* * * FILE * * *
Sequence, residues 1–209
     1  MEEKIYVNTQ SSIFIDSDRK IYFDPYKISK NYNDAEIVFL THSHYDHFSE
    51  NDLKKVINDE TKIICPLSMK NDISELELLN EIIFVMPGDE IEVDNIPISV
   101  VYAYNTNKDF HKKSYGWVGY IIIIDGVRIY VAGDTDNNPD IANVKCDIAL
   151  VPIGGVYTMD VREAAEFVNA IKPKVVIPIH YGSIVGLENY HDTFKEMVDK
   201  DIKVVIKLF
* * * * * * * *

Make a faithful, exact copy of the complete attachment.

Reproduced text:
Sequence, residues 1–209
     1  MEEKIYVNTQ SSIFIDSDRK IYFDPYKISK NYNDAEIVFL THSHYDHFSE
    51  NDLKKVINDE TKIICPLSMK NDISELELLN EIIFVMPGDE IEVDNIPISV
   101  VYAYNTNKDF HKKSYGWVGY IIIIDGVRIY VAGDTDNNPD IANVKCDIAL
   151  VPIGGVYTMD VREAAEFVNA IKPKVVIPIH YGSIVGLENY HDTFKEMVDK
   201  DIKVVIKLF